Aggressive chewers — Aggressive chewers want to consume the bone in its entirety, as soon as possible (looking at you, Fred). The problem many aggressive chewers develop is fractured teeth. Aggressive chewers shouldn't be given really hard bones like antlers. They also shouldn't be given narrow bones that fit easily into their mouths, allowing them to apply a strong vertical bite force. If you offer a strong chewer small, narrow femur rings or narrow antlers, you're asking for trouble.

Aggressive chewers are good candidates for big, raw knucklebones, which are much softer than antlers and gentler on the teeth. Commercially made, 100% edible "bones" (made with human-grade ingredients) are another good choice for aggressive chewers. Some aggressive chewers can only have edible bones, because they cannot be trusted with recreational bones (example: Fred).

As I mentioned earlier, it’s imperative that you supervise your dog's chewing very closely, because an aggressive chewer with big jaws can whittle a very large bone down to the size of a ping-pong ball in a short amount of time. Once a bone is that small, it's too small to be safe, so it's important to watch your dog closely. When he's worked a bone down significantly, it's time to take it away.

Soft chewers — If your dog happens to be a soft chewer who just enjoys holding or gently gnawing on a bone, antlers are a good choice. You can purchase elk, moose or deer antlers, but again, you don't want to give a small antler to a large dog because of the potential for tooth fracture. Giving small antlers to small dogs and big antlers to big dogs is fine as long as they're gentle chewers.

If your dog is a soft chewer because of age, sensitive teeth or restorative dental work, it's a good idea to go with even softer "bones." Commercially available 100% edible "bones" made with human-grade ingredients are much more pliable than actual skeletal bones from mammals.

Dogs who shouldn’t eat bone marrow — If your dog is overweight, requires a low-fat diet, or currently has pancreatitis or a sensitive stomach, the high fat marrow in raw bones can cause significant digestive problems. Marrow is also a substantial source of calories, so for pets struggling with too much weight or who need to avoid fatty foods, there’s a lower fat option. Scoop the marrow out of the bone and replace it with canned 100% pumpkin and refreeze the bone.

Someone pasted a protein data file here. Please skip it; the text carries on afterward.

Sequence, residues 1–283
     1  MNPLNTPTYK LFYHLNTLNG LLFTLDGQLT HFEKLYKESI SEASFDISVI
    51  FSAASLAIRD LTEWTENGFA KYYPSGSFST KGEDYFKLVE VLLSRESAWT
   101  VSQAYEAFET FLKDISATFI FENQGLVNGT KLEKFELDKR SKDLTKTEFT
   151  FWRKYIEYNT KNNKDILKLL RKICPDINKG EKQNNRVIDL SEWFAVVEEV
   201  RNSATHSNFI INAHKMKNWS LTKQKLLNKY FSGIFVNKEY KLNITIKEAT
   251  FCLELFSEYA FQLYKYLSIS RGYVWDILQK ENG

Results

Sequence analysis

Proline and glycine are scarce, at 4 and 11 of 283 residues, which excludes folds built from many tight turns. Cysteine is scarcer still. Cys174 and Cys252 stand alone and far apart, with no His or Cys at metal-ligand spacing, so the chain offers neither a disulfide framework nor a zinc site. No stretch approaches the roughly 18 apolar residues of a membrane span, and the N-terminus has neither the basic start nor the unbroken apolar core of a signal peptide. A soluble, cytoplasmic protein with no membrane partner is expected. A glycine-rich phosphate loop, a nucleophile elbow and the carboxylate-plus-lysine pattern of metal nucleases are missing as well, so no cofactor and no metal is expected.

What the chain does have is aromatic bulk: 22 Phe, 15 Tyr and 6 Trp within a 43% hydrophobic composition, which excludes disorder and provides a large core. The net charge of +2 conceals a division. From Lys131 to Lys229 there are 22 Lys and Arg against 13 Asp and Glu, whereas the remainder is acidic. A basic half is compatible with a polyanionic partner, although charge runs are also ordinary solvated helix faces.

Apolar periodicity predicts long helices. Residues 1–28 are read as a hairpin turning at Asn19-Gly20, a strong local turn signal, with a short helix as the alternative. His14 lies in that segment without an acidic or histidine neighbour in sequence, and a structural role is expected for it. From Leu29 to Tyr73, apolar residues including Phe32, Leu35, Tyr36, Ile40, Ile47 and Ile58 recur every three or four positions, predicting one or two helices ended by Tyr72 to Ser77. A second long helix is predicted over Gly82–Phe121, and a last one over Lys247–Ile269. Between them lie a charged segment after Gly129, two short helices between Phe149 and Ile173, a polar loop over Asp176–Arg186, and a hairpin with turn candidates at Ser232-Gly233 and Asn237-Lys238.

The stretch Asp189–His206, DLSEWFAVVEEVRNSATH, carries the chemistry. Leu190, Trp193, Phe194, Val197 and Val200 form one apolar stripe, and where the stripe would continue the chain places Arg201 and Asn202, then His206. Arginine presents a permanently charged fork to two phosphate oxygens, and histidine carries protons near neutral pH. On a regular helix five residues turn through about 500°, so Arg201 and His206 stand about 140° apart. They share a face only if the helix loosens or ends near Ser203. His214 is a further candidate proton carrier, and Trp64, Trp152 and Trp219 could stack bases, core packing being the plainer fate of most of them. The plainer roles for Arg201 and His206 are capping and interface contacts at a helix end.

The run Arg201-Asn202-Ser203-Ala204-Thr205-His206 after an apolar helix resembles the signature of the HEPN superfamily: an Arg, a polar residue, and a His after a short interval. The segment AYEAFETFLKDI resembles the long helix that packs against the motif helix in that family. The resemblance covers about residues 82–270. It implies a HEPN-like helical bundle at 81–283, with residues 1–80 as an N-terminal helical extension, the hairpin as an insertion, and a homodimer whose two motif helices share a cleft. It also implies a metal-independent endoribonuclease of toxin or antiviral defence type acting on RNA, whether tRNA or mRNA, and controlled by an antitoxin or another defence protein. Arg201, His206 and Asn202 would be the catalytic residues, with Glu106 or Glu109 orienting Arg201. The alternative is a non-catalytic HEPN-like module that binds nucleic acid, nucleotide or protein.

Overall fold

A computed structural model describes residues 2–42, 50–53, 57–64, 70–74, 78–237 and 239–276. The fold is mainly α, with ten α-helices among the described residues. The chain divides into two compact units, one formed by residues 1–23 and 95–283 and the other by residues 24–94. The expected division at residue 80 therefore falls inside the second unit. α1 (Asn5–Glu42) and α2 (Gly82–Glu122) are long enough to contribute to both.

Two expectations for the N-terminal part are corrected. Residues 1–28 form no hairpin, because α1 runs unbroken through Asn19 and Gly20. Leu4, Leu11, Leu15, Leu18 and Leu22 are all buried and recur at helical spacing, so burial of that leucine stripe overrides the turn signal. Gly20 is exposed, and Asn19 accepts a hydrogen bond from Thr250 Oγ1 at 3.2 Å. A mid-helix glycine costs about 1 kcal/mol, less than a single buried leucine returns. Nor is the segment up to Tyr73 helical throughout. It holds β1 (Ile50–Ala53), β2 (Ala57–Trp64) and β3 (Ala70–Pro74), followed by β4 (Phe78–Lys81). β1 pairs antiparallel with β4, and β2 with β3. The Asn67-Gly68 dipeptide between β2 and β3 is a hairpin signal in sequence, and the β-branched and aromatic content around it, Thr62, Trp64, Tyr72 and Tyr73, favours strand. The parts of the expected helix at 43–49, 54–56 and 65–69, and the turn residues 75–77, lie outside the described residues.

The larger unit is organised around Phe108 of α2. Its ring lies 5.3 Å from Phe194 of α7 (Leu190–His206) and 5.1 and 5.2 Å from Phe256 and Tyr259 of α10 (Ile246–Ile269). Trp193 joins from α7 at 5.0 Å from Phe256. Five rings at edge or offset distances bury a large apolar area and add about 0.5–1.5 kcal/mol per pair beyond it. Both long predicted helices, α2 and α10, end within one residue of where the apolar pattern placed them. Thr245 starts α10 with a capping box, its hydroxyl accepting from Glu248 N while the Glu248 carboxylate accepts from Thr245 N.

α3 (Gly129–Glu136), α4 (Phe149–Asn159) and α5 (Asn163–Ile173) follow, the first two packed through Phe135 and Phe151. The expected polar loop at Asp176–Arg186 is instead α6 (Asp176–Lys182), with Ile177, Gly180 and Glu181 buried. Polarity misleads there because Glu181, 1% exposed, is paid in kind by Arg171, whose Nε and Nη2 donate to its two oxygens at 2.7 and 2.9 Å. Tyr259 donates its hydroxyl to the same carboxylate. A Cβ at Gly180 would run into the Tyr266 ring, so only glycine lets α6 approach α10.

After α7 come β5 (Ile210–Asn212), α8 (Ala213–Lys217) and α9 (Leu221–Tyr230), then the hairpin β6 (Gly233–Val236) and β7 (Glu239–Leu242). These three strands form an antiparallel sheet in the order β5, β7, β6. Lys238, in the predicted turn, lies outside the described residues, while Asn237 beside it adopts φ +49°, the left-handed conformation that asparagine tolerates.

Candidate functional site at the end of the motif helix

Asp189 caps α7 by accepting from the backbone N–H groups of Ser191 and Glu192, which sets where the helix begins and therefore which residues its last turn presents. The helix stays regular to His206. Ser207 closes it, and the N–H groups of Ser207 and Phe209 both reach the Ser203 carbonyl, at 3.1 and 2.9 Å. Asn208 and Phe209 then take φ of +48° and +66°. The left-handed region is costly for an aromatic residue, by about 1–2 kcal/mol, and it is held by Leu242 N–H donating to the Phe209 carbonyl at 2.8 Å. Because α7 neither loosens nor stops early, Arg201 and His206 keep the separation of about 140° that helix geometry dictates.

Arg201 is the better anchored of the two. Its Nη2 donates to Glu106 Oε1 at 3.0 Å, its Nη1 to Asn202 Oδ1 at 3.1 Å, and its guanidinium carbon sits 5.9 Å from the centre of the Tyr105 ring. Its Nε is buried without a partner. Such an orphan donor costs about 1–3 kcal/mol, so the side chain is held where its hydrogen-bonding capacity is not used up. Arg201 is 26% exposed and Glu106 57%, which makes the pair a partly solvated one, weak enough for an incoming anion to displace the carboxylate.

Additional Recommendations for Feeding Raw Bones

1. When you bring raw bones home, store them in the freezer and thaw them one at a time before offering them to your dog. Don’t choose bones that have been cut lengthwise, such as leg bones. Cut bones are more likely to splinter. Don’t feed pork bones or rib bones, as they’re more likely to splinter than other types of bones.

2. Match the size of the bone size to the size of your dog's head. There's really no such thing as a bone that’s too big, but too-small bones can be choking hazards and can also cause significant oral trauma.

Don’t give a recreational bone to a dog who’s likely to try to swallow it whole or bite it in two and eat it in huge chunks. If your pet breaks off large pieces of raw bone, collect them before she has the opportunity to swallow them. Give your dog a bone to chew after she’s had a full meal. Hungry dogs (or dogs rarely offered bones) are more likely to swallow a bone whole or break it apart and swallow large chunks.

3. Edible bones (whole or coarsely ground) can be a good alternative to recreational raw bones for aggressive chewers. Choose non-weight bearing bones, such as wings, not legs.

If you have concerns about whether your dog will chew edible bones or swallow them whole, you can grip one end with pliers or a similar tool, forcing your pup to chew off bite sized pieces. Some people also use a mallet to fracture the bones prior to feeding, which minimizes the risk of swallowing them whole.

4. Raw bones can make quite a mess as your dog gnaws on them. That’s why many people offer them outdoors or on a surface that can be easily cleaned with hot, soapy water.

Again, always closely supervise your dog when he’s working on a bone. Don’t allow him to carry his prize off to a corner alone, without supervision. You want to be able to react immediately if he starts to choke, if there’s a large chunk suddenly missing from the bone, or if you notice any blood on the bone or around his mouth.

By closely supervising him, you’ll also know when he’s chewed down to the hard brittle part of a knucklebone, making splinters more likely. When the bone has been gnawed down in size, throw it out. Don’t allow your dog to chew it down to a small chunk he can swallow.

5. In multi-dog households, dogs should be separated before being given recreational bones. This rule applies to casual canine friends and BFFs as well, because recreational bones can bring out resource guarding instincts in even the most easygoing dog.

+ Sources and References